Dear Chairman and Commissioners,
We write once again on behalf of the 8.5 million residents of New York City to protect and promote the Open Internet and net neutrality.
New York City, through its City Council and its Mayor, is committed to universal broadband in order to bridge the digital divide. Yet the divide between those who can access reasonable broadband service and those who cannot will remain unbridgeable unless the Commission uses its mandate to expand access to broadband to protect and promote the Open Internet and net neutrality. There are 6.4 million people in New York State who have yet to adopt broadband, whose access to necessary and useful information and applications must be protected and promoted. Whether you use legal authority deriving from Telecommunications Act of 1996, Section 706 –the mandate to promote broadband deployment – or reclassify broadband under Title II of the Communications Act, the Federal Communications Commission (FCC) must protect the Free and Open Internet.
Without net neutrality, cable companies would have the power to censor, block or otherwise discriminate against the digital tools necessary to thrive in the modern world.
Just behind Mark-Viverito and Matteo was City Councilman Chaim Deutsch, who missed just one of his 83 meetings last year; City Councilwoman Helen Rosenthal, who missed only two of 115 meetings; and City Councilman Ben Kallos, who was absent from two of 105 meetings.
To track attendance, we counted all the meetings that each member was obligated to attend in calendar year 2016, including committee and subcommittee meetings, and then determined how many he or she missed. (City Councilman Bill Perkins was left out of the analysis since much of the data we used is from 2016, when Inez Dickens still held his Harlem seat.)
Any time a member had two meetings scheduled at the same time, we didn’t count the conflict as an absence. But other absences – for medical reasons, jury duty or funerals – were included.
This may strike some as unfair, but an extended absence can affect performance – and in some cases, it appeared to correlate with lower scores on other measures, like introducing and passing bills.
Yet one representative who missed substantial time due to medical leave nonetheless performed well on the other measures. City Councilman Jumaane Williams missed 15 days for medical reasons, but came in at No. 2 in our overall rankings.
“New Yorkers are exhausted by overdevelopment,” city councilman Ben Kallos, a leading opponent of the tall tower, tells the New York Times. “This is about standing up and showing the city that there’s another way to do things.”
Jon Kalikow, the president of Gamma Real Estate, says it would be a “disastrous outcome” if the city were to adopt the rezoning proposal.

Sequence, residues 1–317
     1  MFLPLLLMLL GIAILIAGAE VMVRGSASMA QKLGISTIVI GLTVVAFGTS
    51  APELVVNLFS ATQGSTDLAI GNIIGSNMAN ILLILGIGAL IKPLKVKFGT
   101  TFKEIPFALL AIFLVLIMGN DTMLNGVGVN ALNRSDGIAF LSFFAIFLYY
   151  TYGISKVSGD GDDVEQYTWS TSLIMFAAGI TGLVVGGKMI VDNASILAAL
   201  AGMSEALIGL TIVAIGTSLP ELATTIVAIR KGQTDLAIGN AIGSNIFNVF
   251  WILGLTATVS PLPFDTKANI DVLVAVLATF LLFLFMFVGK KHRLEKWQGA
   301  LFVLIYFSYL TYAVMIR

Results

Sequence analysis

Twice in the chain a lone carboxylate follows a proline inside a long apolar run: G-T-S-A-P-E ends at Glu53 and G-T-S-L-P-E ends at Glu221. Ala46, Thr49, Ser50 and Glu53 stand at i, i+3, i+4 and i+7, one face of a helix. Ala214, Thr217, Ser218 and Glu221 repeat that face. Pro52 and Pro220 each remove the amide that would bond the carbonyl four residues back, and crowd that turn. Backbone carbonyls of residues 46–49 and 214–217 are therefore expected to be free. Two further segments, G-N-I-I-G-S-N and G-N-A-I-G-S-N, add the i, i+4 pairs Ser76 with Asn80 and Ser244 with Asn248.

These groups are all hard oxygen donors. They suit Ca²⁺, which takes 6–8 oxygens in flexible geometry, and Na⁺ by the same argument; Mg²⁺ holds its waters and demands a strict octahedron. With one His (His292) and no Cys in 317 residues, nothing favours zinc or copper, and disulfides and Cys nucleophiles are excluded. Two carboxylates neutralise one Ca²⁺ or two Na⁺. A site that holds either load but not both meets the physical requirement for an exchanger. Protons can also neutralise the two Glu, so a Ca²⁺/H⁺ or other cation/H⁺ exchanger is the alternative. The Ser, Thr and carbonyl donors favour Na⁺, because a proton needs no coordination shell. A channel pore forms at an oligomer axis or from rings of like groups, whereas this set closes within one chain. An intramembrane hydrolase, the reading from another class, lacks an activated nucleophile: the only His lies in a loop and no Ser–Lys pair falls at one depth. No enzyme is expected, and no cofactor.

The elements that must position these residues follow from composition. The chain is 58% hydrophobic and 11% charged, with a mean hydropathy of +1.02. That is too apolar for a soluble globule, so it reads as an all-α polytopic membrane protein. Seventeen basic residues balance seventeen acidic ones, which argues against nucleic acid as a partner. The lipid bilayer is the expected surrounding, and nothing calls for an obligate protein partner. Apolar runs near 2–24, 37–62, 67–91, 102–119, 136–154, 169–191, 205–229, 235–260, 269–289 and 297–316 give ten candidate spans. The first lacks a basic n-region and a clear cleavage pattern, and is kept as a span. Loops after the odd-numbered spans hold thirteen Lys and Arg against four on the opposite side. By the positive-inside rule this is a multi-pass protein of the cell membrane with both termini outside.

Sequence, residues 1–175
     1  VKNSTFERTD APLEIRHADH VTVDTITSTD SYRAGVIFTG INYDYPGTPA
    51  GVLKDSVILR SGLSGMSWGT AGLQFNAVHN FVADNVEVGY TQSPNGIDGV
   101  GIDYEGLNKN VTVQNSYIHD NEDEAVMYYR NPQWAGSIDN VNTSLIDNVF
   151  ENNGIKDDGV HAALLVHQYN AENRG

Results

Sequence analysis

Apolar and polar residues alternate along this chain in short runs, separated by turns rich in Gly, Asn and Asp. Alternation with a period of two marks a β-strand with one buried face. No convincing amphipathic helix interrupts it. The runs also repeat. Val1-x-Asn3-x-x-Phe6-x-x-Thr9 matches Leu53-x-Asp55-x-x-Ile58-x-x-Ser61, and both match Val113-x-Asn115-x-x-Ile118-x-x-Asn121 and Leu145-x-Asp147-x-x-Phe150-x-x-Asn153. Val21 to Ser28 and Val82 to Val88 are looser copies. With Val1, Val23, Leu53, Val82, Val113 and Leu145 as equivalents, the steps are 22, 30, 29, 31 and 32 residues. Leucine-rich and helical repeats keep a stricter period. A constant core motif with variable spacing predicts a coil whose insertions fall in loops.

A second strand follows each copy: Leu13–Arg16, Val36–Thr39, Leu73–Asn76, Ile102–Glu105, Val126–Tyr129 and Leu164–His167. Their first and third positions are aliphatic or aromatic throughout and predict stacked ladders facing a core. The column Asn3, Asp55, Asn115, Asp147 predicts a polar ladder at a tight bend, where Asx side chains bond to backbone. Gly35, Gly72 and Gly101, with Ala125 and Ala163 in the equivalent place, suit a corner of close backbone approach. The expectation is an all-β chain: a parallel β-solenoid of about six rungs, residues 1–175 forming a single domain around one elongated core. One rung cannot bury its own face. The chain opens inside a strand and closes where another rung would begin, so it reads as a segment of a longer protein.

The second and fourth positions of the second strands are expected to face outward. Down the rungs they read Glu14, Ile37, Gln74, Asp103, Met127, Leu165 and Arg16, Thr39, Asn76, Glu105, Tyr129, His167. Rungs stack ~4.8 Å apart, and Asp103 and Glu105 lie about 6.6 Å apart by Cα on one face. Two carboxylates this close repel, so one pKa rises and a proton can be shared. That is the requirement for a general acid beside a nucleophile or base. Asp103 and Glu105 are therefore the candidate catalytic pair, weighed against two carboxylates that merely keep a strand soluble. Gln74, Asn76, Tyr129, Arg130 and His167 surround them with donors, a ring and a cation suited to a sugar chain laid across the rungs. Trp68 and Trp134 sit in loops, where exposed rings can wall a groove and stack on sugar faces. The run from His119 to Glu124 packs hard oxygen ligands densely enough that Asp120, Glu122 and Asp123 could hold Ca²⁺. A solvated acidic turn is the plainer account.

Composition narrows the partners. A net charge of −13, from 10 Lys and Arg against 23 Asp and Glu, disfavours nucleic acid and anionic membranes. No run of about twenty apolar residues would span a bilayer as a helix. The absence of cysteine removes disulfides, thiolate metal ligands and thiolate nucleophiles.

“This building could dramatically change the character of our neighborhood,” says Alan Kersh, founding president of the East River Fifties Alliance, which opposes Gamma’s proposed tower and has more than 2,000 supporters, including 45 nearby co-ops and condominiums. Kersh lives across the street from the construction site in a 47-story building called the Sovereign.
At a July 7 meeting with elected representatives, MTA officials agreed to maintain current service levels on the M57 line, going back on an earlier proposal that would have increased headways on the route from 10 to 12 minutes during AM peak hours and from 12 to 15 minutes during PM peak hours. “The M57 was going to have the most cuts, and they’ve agreed to make no service changes to the M57,” Kallos said.
The proposed changes, scheduled to take effect in September, were first announced by MTA New York City Transit in a June 16 letter to elected officials and community boards. The letter also proposed reductions in service frequency on the M31, M66 and M72 bus lines that would increase scheduled wait times by 11 to 33 percent. Despite opposition from elected officials at the July 7 meeting, the MTA has not altered its proposal to cut service on the three lines, Kallos said.
A zoning debate in Manhattan's Sutton Place may seem like just another posh neighborhood telling a developer its project is not welcome.
But City Hall is listening for a bellwether in the bickering.
A zoning proposal put forward by residents of the neighborhood may force Mayor Bill de Blasio to finally have to reckon with a much-criticized affordable housing program he pledged to examine 15 months ago, experts said.
Near the beginning of 2017, Gamma Real Estate filed plans for a co-op on Sutton Place. Some nearby residents said the project, which is now slated to be nearly 800 feet high, would tower over the neighborhood and change its character.
“New Yorkers are exhausted by overdevelopment,” said Ben Kallos, the city councilman who represents the area and a leading opponent of the tall tower. “This is about standing up and showing the city that there’s another way to do things.”